After all that and more, the longest game of the Mets' season came to an end.

Mercy.

"It was a pretty ugly game -- it's as simple at that," Randolph said, and no one disputed that assessment.

"But it got better looking at the end," Easley said.

And when cast against the image of an alternate ending, it looked much better.

"I don't want to think how it'd feel if we lost," Billy Wagner said, and he acknowledged losing would have hurt more than winning helped.

The Mets liked the idea of the sweep, their first this season, coming as it did after their eyesore loss to the Brewers on Sunday. And they knew it looked better to go to Philadelphia for three weekend games with an 8-6 record than show up at 7-7.

Not that 500 didn't have its place in this one. The game was Randolph's 500th as a manager, the victory his 276th. It's not the one he'll recall for its aesthetic value, but he did find the Mets' perseverance rewarding.

Finding the positives amid all those LOBs and squandered chances wasn't easy or fun. But Delgado delivered a well-struck, two-out single in the eighth to create the tie that necessitated all that followed.

And Figueroa was quietly effective, even with the two-run home run Nick Johnson crushed in the fourth inning. And the bullpen, the manager said, was great. It had to be.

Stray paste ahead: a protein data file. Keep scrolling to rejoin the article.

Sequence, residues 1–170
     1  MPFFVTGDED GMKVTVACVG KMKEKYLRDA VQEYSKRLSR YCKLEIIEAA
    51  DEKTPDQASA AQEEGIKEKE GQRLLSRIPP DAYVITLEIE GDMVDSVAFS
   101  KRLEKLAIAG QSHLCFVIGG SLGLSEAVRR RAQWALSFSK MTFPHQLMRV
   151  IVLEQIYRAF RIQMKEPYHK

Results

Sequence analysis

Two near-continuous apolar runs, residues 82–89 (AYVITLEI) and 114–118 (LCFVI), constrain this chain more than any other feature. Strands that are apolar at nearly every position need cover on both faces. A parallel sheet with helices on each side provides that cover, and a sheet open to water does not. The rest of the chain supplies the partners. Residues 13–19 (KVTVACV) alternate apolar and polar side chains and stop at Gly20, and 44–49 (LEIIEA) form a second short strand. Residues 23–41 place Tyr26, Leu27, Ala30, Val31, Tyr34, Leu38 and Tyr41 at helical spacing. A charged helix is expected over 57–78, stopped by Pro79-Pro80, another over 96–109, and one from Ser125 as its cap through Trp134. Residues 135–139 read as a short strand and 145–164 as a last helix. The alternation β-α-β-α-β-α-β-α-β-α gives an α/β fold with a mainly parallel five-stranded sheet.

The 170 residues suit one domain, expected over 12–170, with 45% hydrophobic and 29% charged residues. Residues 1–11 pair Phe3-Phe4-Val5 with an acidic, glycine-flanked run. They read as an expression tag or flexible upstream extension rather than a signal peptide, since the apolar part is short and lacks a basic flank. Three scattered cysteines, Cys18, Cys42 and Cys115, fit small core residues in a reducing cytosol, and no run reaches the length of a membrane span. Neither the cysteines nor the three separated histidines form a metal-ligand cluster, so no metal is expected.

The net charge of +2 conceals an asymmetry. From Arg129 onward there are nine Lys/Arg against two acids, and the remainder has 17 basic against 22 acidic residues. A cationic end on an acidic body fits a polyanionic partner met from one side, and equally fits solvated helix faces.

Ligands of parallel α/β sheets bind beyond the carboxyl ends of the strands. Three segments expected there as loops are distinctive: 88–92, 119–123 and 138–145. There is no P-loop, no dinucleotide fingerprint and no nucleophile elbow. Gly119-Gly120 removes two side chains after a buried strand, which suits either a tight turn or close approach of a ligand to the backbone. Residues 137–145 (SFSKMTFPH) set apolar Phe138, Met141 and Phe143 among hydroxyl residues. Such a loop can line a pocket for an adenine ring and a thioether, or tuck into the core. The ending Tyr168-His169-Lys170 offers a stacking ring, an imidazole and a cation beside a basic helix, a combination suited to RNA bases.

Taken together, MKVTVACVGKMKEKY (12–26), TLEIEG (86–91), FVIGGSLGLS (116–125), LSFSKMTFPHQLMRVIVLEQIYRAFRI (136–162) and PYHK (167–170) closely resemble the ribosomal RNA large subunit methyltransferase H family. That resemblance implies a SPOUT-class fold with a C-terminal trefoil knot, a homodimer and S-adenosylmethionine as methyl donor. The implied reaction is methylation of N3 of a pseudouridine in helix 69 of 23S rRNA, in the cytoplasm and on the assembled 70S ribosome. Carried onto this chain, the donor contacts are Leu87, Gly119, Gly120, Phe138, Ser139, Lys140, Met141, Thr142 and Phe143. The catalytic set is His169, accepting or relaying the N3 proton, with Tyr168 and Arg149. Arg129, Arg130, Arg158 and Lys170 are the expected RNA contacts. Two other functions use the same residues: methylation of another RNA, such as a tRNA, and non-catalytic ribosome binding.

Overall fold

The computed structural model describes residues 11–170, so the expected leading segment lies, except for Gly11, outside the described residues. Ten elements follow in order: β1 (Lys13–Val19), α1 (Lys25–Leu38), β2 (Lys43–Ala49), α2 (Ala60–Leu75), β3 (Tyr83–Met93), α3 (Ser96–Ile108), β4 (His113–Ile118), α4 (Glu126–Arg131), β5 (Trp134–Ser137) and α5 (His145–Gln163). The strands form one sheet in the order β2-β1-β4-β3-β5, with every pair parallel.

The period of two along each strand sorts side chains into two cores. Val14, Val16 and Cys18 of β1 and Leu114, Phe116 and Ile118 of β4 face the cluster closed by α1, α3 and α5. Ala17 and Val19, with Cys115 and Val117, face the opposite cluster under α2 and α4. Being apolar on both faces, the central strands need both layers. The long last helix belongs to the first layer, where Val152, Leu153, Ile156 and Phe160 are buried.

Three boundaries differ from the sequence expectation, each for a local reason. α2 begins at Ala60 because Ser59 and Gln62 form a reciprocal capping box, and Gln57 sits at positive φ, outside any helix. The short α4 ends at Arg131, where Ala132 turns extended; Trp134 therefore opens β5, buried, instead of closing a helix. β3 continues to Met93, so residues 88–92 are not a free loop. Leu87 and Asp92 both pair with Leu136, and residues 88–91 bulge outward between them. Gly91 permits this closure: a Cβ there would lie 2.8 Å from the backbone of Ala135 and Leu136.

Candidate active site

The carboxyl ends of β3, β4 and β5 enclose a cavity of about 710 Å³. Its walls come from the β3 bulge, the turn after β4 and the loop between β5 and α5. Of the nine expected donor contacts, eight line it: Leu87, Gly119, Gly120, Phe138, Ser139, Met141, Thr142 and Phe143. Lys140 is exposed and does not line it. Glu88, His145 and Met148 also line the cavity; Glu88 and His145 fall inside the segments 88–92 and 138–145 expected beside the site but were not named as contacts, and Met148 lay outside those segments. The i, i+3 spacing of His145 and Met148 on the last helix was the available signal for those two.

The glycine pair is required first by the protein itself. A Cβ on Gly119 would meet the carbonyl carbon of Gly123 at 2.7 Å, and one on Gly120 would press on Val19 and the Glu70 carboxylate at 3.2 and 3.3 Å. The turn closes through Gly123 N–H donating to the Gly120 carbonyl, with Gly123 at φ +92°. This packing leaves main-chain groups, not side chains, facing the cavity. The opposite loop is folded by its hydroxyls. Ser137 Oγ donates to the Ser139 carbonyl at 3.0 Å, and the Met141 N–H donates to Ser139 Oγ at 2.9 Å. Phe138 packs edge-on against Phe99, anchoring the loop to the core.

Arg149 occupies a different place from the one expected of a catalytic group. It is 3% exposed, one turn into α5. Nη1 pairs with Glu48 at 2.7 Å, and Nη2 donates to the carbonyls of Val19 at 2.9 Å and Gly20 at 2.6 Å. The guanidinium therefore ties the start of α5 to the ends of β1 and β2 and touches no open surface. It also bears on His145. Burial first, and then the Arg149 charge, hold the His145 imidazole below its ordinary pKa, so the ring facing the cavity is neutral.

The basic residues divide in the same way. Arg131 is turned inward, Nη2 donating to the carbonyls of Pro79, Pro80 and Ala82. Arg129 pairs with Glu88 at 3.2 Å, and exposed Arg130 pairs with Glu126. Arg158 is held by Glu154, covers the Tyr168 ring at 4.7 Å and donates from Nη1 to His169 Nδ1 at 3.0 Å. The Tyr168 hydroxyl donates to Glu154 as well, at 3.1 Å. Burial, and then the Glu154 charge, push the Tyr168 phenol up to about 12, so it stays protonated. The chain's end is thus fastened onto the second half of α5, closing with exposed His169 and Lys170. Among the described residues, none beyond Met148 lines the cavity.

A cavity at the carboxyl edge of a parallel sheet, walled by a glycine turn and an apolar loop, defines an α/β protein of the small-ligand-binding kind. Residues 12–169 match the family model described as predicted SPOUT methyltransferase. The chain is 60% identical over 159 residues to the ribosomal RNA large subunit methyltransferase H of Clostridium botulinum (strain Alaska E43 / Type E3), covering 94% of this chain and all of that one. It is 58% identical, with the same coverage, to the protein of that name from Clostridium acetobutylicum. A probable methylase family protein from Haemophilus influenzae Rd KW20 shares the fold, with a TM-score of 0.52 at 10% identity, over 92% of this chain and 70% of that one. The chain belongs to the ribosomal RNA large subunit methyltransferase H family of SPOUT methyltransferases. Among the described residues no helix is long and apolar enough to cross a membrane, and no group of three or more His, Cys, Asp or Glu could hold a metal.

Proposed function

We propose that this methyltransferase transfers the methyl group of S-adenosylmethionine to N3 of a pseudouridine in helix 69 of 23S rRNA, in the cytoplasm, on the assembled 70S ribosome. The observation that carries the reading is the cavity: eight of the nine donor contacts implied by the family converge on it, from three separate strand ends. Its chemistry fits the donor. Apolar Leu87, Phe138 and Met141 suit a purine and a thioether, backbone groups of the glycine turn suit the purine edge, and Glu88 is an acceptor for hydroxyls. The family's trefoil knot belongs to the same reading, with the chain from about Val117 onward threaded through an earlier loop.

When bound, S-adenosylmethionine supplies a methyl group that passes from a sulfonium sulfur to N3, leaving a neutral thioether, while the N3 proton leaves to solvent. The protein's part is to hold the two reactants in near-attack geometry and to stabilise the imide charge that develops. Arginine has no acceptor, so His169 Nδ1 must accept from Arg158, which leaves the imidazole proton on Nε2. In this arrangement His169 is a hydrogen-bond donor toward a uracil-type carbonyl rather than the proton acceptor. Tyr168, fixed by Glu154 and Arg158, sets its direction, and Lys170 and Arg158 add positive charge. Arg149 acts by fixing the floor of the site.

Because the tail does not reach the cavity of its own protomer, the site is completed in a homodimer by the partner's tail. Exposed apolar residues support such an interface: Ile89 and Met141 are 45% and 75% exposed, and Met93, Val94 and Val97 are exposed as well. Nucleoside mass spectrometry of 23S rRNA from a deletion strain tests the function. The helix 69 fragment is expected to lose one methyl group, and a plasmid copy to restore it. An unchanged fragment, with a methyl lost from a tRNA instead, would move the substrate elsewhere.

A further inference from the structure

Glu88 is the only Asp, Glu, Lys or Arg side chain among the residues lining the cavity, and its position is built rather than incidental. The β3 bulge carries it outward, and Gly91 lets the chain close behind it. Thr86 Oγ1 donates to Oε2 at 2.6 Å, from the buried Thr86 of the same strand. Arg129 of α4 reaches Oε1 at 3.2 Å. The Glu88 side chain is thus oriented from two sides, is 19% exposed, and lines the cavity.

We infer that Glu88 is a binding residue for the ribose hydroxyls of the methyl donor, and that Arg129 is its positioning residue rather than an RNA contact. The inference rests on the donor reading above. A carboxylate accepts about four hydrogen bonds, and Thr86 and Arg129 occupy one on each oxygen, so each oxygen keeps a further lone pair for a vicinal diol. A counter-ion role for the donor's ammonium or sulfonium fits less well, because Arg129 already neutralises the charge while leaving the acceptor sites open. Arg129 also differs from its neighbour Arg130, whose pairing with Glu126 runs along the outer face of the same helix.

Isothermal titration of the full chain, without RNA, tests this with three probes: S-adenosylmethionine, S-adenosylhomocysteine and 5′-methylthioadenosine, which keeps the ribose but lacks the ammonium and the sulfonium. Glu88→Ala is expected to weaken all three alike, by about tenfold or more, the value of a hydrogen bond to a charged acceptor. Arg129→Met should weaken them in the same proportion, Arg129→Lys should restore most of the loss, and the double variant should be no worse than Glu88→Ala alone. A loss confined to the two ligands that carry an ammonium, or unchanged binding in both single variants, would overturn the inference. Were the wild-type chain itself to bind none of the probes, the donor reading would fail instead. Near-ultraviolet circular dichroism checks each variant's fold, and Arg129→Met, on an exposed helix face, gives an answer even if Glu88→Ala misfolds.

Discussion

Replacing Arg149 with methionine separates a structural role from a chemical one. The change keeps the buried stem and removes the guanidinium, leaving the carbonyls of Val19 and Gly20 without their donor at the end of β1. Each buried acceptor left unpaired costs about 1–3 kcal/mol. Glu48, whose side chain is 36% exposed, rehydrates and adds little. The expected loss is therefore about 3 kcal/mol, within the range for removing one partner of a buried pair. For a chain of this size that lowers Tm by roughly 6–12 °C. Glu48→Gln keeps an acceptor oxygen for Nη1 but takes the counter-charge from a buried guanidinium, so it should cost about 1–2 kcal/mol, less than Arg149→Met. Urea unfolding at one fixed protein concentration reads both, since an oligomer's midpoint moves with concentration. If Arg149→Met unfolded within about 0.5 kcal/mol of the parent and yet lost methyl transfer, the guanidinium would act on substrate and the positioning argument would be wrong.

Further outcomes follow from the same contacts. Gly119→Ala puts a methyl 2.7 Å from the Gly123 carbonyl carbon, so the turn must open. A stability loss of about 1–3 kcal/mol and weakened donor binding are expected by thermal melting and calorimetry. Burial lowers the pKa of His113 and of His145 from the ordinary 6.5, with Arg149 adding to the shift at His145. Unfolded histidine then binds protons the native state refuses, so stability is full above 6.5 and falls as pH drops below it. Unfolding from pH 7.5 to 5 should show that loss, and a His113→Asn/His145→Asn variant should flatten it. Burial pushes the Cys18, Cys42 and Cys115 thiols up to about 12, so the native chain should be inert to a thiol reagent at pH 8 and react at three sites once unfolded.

The Mets had done little until the eighth, when an error by Ronnie Belliard allowed Church to reach base with two out. A walk to Wright prompted Nats manager Manny Acta to summon Jon Rauch to face Delgado. Batting fourth because Carlos Beltran hadn't started, Delgado lined a 2-2 pitch over the shift into right field to tie the score and spare Figueroa a possible loss.

After hitting three home runs Tuesday, the Mets had only a run-scoring double by Church and two singles against left-handed rookie John Lannon, who struck out 11 batters in six innings. Figueroa pitched seven innings, allowing just three hits and two walks while striking out seven. His workday marked the third straight game in which the Mets' starter has exceeded six innings, the first time that has happened since June 22-24 last season, when Tom Glavine, Orlando Hernandez and John Maine did so in a sweep of the A's.

The lone mistake Figueroa made happened after he struck out Belliard and Ryan Zimmerman singled off his right leg in the fourth. Figueroa resumed pitching after a momentary pause and had a 2-2 count on Johnson, when the Nationals first baseman crushed his second run of the season. It bounced once in the Mets' bullpen before reaching the back wall.

The home run, the second by the Nationals in the series, was the ninth allowed by the Mets in nine home games. They have hit seven on the season, four in the three games against the Nationals.

But nothing flew too long last night.

"You're not going to win, slugging it out each night," Easley said.

But he agreed that course of action might have been easier.

Marty Noble is a reporter for MLB.com. This story was not subject to the approval of Major League Baseball or its clubs.